--- Terminus: Wheat Ridge ---
I'm not going to recommend the Wheat Ridge/Ward Road Station for tourism. The G Line that services the station is rather unspectacular with the exception of the Arvada Olde Town Station that looks like a nice place for shoppers that like quaint little villages. It has that feel. But my target was the terminus in northwestern Wheat Ridge, the only RTD light rail station in Wheat Ridge.
The G Line runs through a corridor of industrial zones and the Wheat Ridge/Ward Station is no different. It is surrounded by industry, but it does have some interesting points.
The station itself has parking for 290 cars and is a clean, attractive site. It isn't far from the foothills of the Rockies and especially offers some nice views of North Table Mountain. I was tempted to hike on over to the mountain but I'm not as familiar with that area as I am some parts of the Denver Metro area and I might have been disappointed by the real distance (as contrasted with the apparent distance) and lack of access to the mountain. Anyway, I am planning to visit the mountain in a couple of years when I look at the geology of the area.
[Photos of Wheat Ridge/Ward Station and the Rocky Mountains beyond]
One thing that I like about Colorado is the variety of showy wildflowers here. In the Southeast, most of the nice indigenous plants were woodland flowers and one had to do some hiking to see them. Here, any vacant lot may be a home to some pretty plants. One common plant with showy flowers is the thistle. Colorado has 15 native species and 5 non-native species, loved by bees and butterflies, browsing wildlife and wildflower enthusiasts. The one I found in the grassy burm of the light rail station is (I think) a nodding thistle (or musk thistle), considered a non-native, noxious weed.
As much as Denver is associated with the mountains, it's still a plains city and the great variety of grassland grasses are represented here. This foxtail barley is pretty common in the area. We have lots of it in our back yard.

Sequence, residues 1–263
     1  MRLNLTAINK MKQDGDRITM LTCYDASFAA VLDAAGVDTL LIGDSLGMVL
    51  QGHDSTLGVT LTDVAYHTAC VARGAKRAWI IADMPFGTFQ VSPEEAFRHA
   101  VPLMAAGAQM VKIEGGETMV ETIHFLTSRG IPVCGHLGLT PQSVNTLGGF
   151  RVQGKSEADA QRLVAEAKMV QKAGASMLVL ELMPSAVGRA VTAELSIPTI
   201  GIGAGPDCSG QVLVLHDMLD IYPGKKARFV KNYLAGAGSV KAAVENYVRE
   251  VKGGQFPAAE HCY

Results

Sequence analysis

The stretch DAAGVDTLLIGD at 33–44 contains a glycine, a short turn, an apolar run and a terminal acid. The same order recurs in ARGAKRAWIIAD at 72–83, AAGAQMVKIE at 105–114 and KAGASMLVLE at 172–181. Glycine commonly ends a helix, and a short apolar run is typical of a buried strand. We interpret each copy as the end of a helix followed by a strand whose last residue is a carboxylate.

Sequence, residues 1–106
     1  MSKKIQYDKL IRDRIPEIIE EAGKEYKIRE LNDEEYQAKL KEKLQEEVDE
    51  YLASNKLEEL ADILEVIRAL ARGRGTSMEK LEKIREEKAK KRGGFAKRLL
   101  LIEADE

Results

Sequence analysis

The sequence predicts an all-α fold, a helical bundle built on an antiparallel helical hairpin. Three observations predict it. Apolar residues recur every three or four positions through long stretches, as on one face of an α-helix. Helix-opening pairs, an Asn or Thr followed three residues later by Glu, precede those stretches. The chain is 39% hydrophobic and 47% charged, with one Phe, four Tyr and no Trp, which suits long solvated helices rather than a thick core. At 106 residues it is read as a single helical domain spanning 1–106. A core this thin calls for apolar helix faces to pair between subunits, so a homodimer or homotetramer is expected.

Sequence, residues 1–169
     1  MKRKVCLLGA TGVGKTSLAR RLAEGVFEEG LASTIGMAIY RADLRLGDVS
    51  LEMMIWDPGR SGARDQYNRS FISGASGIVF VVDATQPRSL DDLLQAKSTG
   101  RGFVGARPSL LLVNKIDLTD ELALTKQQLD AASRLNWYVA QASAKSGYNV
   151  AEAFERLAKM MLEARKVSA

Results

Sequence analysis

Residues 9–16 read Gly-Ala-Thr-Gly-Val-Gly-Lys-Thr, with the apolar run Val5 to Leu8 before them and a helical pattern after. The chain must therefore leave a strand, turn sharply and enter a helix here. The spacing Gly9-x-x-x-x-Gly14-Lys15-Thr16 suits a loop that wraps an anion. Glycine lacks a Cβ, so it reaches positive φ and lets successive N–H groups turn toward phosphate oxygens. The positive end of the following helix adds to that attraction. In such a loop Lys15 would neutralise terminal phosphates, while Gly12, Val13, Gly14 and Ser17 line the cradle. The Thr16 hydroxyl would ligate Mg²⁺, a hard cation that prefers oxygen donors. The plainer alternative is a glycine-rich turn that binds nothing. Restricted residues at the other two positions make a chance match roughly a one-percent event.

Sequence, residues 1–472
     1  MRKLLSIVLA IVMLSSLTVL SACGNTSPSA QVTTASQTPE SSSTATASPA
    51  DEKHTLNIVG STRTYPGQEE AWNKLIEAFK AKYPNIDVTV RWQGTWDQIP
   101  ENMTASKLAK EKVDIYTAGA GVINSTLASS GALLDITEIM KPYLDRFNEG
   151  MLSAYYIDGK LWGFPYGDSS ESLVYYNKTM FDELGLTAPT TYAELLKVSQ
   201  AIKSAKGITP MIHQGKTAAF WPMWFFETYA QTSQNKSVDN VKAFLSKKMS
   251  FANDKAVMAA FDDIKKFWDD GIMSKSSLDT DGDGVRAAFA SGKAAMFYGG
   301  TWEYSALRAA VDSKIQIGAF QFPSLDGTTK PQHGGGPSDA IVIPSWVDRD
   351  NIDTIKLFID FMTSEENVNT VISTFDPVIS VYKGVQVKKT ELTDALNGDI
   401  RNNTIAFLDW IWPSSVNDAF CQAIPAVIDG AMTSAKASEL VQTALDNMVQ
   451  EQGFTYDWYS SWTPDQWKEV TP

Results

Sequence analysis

The stations of the RTD are micro-museums. Many of them display narratives of their neighborhoods. At Wheat Ridge/Ward Road you can read about the relationship between Denver and the mountains....and gold. G, in the G Line stands for "gold". The windscreens at the stations on the G Line tells the story of gold.
The artwork at Wheat Ridge/Ward Station is a modernist sculpture called "Anchored by Place". It was created by artist and art educator Michael Clapper.
[Anchored by Place]
You can read a lot about the stations of the RTD light rail, their art, including the windscreens, and stories connected to the stations and their neighborhoods at the FastTrack website, http://www.rtd-fastracks.com/main_1 .
If you follow me in my adventures and want to check out any of these places, you can prepare by going to the FasTrack site.
After wandering around the station, I walked down to Ward Road and a convenience store where I picked up a snack and then returned to wait for a train for my trip back home.
Along the way, I noticed this clump of a favorite wildflower, milk weed. Despite it's name, it's a gorgeous flower. Monarch butterflies will only lay their eggs on this plant. Check out the Fish and Wildlife website (https://medium.com/usfws/spreading-milkweed-not-myths-5df8c480912d ) to clear up misconceptions about this valuable plant.
Ward Road has some nice views of North Table Mountain. The two Table Mountains are the exposed innards of an ancient but dead volcano. Their volcanic origin is made quite clear by the basalt deposits around the crown. Basalt is a dark, fine grain rock that is formed close to the earth's surface. It hardens too quickly for the melted magma to form large crystals like granite. These unearthed bones of dead volcanoes are sometimes called "fossil volcanoes". Luckily, they're as volcanic as the Denver area gets.
[North Table Mountain]
Regardless of how boring any area looks, if you look a little closer, you can usually find fascinating facts right in front of you.